Tom Gale: Yeah the other aspect with Fastonal that’s interesting is, because they have a different product mix and customer base, and they’re more heavily construction suppliers. I think they have a little bit more defense against an Amazon business because of the nature of the types of products. And they’re going out, there’s job sites that they’re serving and that. So it’s a slightly different equation in terms of the customer relationship. And I think that’s harder for an Amazon business to take away than it is for that Granger kind of convenience store model that they used to be successful in.
Max: Okay, maybe for the first part, I only have one question left. So, you know about analytics, digitalization and also about the race for talents. What would your main focus be if you sit on my chair and try to run a successful distribution business?
Tom Gale: So, we talked a lot about moats. And it’s about how can you create that differentiation for the value that you provide to customers and I would say for suppliers as well. What can you change in your business to really create an extremely differentiated experience for your customers? Start with that, and I think you need to build from there. And once you start looking at it from that way and identifying, I think then you start to say: well you know, if we’re doing kitting of parts or for putting vending machines in. Or if I have a technical specialist who knows that customer’s problems let’s say, you’re a specialist in beverage bottling packaging, whatever or food production. If you have a specialist that your customers respect because of that knowledge, that’s a very difficult position to try to attack. So, if you can focus on your moats, I think every distributor needs to focus on their moats over these next two to three years. And to do that, that comes back to both the digitalization and the capabilities to be more efficient but also really around the talent development. Because you really need different type of talent I think to continue to develop that then you did five or ten years ago. So, I guess an example of that is not only the technical expertise. But really it is the way that customers (think) because there’s a generational shift taking place with those customers as well. I think distributors need to start bringing in the people who can talk to and connect and do business the way that those customers want to. And what we’re seeing and I know we’ve done some research again with Jonathan Bein the Real Results Marketing around more email orders being placed but even there’s texting orders and you know people are placing orders through text. I mean it’s not just email but there’s now, if you don’t have the capability to accept email orders and then translate those digitally, and manage those, that’s a very difficult manual process. And there’s some good software out there to do that. So it´s not like it hasn’t been solved. But if you’re not even looking at that, I think that those are the types of problems that I think distributors have to solve over the next few years here, to really be competitive with all the digital competitors.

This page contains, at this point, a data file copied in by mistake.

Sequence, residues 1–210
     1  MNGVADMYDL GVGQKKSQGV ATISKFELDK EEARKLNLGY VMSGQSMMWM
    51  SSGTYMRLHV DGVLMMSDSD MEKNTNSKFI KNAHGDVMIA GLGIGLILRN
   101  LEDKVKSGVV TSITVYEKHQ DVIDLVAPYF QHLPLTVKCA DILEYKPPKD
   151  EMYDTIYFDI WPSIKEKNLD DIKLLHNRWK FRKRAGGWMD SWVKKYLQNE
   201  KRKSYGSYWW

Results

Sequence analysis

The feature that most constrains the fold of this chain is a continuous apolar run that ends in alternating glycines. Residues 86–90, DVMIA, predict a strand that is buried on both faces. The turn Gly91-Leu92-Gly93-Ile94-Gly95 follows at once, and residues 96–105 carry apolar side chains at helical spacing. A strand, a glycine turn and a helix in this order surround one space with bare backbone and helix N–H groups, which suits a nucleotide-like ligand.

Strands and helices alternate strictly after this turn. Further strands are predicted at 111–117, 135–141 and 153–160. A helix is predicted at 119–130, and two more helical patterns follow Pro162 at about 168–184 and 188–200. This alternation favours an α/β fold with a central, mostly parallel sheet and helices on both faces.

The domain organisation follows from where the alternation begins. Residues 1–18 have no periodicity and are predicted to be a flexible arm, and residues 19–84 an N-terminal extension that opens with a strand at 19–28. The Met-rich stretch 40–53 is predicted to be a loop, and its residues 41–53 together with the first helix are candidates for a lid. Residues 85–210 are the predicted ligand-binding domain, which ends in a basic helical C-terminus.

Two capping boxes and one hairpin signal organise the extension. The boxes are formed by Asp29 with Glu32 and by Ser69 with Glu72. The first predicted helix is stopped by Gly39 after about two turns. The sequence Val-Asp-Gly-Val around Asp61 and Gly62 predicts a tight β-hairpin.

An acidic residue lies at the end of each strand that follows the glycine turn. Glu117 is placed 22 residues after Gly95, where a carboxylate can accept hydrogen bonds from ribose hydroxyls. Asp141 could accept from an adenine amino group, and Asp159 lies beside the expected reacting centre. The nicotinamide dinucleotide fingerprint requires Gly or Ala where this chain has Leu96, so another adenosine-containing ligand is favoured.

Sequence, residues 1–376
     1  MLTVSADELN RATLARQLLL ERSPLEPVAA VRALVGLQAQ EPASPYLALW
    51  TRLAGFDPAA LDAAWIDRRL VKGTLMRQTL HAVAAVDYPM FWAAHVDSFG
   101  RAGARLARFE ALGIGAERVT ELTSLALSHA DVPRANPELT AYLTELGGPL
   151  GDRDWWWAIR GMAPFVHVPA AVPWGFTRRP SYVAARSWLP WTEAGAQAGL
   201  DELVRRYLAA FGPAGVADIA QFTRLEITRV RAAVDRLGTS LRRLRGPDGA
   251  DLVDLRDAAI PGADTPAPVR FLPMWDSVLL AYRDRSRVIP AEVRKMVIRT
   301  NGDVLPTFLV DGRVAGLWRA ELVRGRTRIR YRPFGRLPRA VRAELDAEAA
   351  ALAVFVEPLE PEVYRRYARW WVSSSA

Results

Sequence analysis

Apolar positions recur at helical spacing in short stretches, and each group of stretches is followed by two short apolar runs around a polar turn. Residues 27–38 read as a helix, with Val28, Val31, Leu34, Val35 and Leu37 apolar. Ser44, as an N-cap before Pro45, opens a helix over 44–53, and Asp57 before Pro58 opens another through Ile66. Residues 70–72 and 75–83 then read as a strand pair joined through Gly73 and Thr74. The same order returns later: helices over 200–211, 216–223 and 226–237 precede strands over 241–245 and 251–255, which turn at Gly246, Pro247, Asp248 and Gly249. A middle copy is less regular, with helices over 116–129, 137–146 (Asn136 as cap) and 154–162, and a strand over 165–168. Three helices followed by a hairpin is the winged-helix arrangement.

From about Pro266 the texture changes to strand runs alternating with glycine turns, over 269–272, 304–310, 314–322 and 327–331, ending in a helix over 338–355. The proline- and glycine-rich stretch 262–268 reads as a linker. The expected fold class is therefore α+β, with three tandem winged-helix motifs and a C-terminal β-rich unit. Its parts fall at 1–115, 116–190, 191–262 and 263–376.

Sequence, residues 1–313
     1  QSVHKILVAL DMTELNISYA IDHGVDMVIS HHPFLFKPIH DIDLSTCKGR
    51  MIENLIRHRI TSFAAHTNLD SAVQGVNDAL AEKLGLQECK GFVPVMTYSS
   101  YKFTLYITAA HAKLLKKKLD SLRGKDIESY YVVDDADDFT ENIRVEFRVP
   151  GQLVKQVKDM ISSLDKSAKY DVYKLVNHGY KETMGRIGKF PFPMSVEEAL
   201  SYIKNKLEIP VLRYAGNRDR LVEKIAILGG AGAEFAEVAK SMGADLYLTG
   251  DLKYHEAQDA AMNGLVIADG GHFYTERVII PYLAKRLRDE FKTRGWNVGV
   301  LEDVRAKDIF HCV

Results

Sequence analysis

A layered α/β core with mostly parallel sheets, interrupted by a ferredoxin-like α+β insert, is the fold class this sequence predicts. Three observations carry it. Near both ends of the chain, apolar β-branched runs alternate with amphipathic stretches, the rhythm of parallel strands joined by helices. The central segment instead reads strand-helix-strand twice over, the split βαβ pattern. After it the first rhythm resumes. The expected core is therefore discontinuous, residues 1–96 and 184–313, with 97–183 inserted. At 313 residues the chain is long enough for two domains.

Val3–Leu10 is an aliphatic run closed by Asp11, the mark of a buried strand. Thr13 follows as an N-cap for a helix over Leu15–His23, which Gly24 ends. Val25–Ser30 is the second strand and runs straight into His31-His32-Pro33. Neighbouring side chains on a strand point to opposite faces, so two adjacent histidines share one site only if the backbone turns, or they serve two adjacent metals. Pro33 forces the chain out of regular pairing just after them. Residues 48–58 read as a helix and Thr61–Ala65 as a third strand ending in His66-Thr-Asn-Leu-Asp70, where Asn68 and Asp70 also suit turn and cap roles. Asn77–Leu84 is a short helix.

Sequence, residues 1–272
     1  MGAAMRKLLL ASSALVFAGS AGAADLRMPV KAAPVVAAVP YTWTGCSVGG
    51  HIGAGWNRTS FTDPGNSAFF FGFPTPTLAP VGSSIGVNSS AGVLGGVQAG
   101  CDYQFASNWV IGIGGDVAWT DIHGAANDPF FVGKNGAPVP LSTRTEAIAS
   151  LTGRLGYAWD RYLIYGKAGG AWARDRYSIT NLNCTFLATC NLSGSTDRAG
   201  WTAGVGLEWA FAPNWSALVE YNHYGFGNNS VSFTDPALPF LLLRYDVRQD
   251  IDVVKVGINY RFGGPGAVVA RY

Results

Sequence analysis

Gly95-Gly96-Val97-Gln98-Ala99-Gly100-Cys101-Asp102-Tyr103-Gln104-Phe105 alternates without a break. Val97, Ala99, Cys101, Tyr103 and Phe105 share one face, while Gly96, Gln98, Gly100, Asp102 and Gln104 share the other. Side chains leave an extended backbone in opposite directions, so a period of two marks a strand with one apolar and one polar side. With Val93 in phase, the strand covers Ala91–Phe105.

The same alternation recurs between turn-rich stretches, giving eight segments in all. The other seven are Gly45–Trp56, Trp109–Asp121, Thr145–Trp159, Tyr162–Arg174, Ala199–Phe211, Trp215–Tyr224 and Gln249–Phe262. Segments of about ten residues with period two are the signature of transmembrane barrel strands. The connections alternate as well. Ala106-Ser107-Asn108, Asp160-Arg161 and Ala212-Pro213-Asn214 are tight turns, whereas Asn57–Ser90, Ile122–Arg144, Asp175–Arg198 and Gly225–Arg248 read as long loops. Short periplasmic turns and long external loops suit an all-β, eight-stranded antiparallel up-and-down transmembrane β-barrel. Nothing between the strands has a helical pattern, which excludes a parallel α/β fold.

Max: Okay that’s I think, an interesting wrap up. Maybe we have to talk about the race for talent a little bit longer or in a later episode, because I had the honor to make a speech at your event in Denver the last year in September or October. And the topic of educating people was one of the biggest. So I think I have some more questions about this. Okay so for the first time we stop here and later on we will come back with an episode about the second part of MDM and it’s called, MDM analytics. It’s a special software and I think it’s very interesting. And yeah we will make a short break.
Tom Gale: Thanks Max it’s been a pleasure.